Busyness, Sabbath, and the practice of God’s sovereignty

September 15, 2007 at 8:48 pm 2 comments

busy.jpgThe Chinese pictograph for busyness is composed of two separate characters: heart and killing.1

I suspect it was in recognition of the truth contained there that the fourth commandment enjoined the Israelites simply to stop.

Six days you shall labor and do all your work, but the seventh day is a Sabbath to the Lord your God. On it you shall do no work. (Gen. 20:9-10a)

Stop doing, stop running, stopping spinning your wheels; just stop.

Busyness and its tax

Obviously, busyness costs us on an emotional level, depriving us of closeness, companionship, and the privilege of introspection. The stress associated with busyness also costs us on a physical level, literally destroying the capacity of the human heart to function properly.

But busyness also exacts a spiritual tax, and this is the one that really gets me. Says Mark Buchanan:

restofgod.gifThe worst hallucination busyness conjures is the conviction that I am God. All depends on me. How will the right things happen at the right time if I’m not pushing and pulling and watching and worrying?2

Busyness drives us to keep doing—doing more, doing faster, doing constantly. It induces the illusion that it is we who are responsible, we who succeed, we who provide for ourselves and prepare our own salvation.

The Sabbath and sovereignty

It’s exactly that hallucination that Sabbath practice remedies. Be still, says the fourth commandment, and know that I am your creator, your redeemer, your God. Rest, so as to practice the truth that you can’t redeem yourselves; rest, so that you remember that salvation comes by grace.

Sabbath, in other words, is a tangible rehearsal of God’s sovereignty. If God is sovereign, there is no need to rush. If God is sovereign, we can actually risk rest.3

It’s in this physical practice that the rubber meets the road. After all, it’s easy to say that God is sovereign, but much harder to own it in practice. When life gets away from us and our hamster wheels start spinning a little too fast, do we know that God is really big enough?

This is why the Sabbath was such a brilliant idea on God’s part. Through teaching us the exercise of ceasing, He gives us the chance to practice the truth of Himself: Yes, he really is big enough.


1 Mark Buchanan, The Rest of God: Restoring Your Soul by Restoring Sabbath (Thomas Nelson, 2007), 45.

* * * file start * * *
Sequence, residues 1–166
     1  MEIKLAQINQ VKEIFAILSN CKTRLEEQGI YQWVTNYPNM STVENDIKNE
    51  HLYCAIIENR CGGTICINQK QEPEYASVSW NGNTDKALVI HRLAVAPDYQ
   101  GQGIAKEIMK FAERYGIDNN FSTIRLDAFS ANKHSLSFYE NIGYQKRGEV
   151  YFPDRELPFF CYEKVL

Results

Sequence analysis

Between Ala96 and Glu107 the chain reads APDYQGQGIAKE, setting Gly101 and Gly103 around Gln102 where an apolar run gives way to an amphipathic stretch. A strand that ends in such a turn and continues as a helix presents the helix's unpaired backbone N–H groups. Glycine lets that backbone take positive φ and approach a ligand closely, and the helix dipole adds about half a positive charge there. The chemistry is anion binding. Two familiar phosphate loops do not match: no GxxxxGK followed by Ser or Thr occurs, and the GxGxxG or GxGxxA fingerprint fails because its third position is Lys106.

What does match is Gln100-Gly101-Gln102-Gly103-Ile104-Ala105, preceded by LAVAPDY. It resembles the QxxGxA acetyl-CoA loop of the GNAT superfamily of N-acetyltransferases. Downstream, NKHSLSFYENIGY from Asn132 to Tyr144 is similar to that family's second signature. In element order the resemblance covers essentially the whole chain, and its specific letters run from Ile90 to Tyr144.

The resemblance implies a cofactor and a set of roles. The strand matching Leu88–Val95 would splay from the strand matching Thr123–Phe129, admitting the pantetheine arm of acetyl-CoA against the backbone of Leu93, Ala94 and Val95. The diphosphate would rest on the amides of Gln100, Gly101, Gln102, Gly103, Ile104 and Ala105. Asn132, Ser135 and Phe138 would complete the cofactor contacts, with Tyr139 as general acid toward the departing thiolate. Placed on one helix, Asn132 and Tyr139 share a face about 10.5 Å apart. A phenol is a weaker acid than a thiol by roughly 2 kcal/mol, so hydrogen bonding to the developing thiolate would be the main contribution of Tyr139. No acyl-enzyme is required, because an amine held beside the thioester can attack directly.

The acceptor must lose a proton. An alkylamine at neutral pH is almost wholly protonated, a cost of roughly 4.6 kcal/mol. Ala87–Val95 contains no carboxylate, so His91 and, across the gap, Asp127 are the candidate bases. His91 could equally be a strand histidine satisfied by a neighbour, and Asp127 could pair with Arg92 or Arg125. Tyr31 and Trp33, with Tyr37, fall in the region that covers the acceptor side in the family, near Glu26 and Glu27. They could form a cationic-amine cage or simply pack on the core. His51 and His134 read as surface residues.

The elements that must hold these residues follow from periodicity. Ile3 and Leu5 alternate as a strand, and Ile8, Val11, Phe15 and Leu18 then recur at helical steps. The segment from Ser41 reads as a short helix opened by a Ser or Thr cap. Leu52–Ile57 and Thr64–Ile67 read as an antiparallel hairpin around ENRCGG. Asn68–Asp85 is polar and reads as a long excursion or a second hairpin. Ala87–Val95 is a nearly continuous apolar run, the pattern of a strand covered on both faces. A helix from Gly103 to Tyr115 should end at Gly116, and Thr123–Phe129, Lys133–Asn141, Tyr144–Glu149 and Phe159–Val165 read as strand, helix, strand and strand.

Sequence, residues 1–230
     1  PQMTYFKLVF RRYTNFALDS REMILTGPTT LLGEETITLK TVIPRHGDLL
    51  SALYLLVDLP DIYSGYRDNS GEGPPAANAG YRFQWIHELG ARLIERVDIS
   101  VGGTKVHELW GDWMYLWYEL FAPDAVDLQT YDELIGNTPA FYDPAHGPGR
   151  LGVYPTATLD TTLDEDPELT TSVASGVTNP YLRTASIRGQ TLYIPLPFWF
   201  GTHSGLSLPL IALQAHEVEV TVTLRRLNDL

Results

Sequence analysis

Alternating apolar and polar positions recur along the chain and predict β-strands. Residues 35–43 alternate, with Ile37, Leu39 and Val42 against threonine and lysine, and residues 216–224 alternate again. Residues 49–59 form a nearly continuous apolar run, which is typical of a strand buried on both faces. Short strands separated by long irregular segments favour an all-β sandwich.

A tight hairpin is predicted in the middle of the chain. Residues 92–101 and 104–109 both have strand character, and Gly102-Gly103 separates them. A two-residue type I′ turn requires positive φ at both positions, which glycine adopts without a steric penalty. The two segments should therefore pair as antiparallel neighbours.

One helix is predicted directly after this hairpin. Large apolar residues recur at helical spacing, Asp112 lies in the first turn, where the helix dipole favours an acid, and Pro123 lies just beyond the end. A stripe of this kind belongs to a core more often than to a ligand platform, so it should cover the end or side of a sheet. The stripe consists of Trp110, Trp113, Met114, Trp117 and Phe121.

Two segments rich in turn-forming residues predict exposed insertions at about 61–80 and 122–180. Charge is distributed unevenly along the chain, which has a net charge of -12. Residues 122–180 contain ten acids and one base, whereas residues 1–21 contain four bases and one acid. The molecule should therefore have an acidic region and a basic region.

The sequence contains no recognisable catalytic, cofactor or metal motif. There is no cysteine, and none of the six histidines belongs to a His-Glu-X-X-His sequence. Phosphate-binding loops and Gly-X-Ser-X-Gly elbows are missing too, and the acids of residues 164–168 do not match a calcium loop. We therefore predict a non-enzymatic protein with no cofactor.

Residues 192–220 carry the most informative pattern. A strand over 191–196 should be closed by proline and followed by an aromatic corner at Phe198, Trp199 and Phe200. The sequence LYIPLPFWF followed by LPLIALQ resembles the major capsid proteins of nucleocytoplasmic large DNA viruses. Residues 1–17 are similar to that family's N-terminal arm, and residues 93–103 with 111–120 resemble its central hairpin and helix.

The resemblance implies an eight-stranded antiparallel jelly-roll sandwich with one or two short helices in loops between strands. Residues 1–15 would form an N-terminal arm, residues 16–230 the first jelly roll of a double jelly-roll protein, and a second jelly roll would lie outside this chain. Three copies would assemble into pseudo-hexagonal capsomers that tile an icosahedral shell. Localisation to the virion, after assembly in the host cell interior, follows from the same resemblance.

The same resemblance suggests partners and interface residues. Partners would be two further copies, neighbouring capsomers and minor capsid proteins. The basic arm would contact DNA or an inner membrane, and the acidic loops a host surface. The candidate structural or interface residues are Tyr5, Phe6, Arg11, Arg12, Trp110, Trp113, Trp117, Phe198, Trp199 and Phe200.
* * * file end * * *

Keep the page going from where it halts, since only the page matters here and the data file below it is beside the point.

2 61.
3 I am aware that some people see Sabbath rest as a legalistic practice associated with salvation by works, but perhaps it is obvious why I find this worry a little ironic.

Entry filed under: Uncategorized.

What good does a dying God do? Why blood?

2 Comments Add your own

  • 1. aamphd  |  October 26, 2007 at 9:36 pm

    as elswhere in your realm, insightful. so it begs the question. . . how’s it working for you?

  • 2. Jamie  |  October 26, 2007 at 11:17 pm

    Well, since you ask…

    I wrote this post quite a while before I actually published it. The reason I didn’t publish it was because it didn’t feel real–God’s sovereignty did not feel tangible. So I felt like I was being a bit of a hypocrite for posting.

    On the other hand, I realized that my last line accurately describes my experience: Through teaching us the exercise of ceasing, He gives us the chance to practice the truth of Himself: Yes, he really is big enough.

    I’m practicing the truth that God is big enough. I’m still inexpert at it, I guess, but I’m practicing. The longer I practice and the more fully I pour myself into the experience, the more real it becomes. God is getting bigger.


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profile.jpgI am working on my M.A. in Religion at Andrews University in Berrien Springs, Michigan. Besides having a big interest in theology, history, ethics, and the deep stuff of life, I am also very fond of Mediterranean food, snow, and the color red.

Email me: jamie.kiley@gmail.com

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